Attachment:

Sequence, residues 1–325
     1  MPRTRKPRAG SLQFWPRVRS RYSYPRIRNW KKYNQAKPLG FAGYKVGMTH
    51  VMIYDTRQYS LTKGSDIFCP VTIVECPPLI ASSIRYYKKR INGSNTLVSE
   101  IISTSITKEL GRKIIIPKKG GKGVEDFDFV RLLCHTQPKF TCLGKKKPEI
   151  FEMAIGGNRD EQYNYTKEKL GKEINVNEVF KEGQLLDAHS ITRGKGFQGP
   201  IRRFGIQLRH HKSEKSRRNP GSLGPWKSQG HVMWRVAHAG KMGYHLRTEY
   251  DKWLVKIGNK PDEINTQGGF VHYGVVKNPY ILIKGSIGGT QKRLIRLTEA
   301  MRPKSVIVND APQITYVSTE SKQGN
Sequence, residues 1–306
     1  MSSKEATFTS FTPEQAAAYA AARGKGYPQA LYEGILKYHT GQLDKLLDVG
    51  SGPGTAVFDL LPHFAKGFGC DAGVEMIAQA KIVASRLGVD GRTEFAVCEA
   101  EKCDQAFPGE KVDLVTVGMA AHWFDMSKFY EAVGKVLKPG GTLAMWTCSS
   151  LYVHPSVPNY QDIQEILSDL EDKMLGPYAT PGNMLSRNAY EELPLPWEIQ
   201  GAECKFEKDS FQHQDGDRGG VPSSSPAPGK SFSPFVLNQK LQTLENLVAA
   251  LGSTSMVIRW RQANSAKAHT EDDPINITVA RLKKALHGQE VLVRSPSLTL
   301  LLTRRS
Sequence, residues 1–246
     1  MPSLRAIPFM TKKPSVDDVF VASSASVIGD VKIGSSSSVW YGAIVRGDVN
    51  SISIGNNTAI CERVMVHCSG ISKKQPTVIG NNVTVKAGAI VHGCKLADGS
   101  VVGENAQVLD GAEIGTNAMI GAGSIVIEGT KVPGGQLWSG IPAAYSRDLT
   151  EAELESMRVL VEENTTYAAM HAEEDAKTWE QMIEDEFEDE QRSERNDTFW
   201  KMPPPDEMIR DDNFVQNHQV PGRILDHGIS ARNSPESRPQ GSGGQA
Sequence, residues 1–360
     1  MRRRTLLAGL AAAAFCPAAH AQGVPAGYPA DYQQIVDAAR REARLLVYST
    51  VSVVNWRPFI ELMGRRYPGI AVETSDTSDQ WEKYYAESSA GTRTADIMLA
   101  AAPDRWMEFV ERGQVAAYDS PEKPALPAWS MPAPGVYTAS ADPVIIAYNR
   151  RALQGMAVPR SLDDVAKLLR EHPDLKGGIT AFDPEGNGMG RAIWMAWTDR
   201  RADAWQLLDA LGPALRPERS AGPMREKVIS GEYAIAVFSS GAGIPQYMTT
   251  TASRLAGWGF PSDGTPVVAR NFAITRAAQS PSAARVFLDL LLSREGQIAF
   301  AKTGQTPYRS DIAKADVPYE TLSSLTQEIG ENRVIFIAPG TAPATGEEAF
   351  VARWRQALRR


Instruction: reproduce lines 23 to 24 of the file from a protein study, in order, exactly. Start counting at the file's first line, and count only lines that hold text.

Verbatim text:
Sequence, residues 1–360
     1  MRRRTLLAGL AAAAFCPAAH AQGVPAGYPA DYQQIVDAAR REARLLVYST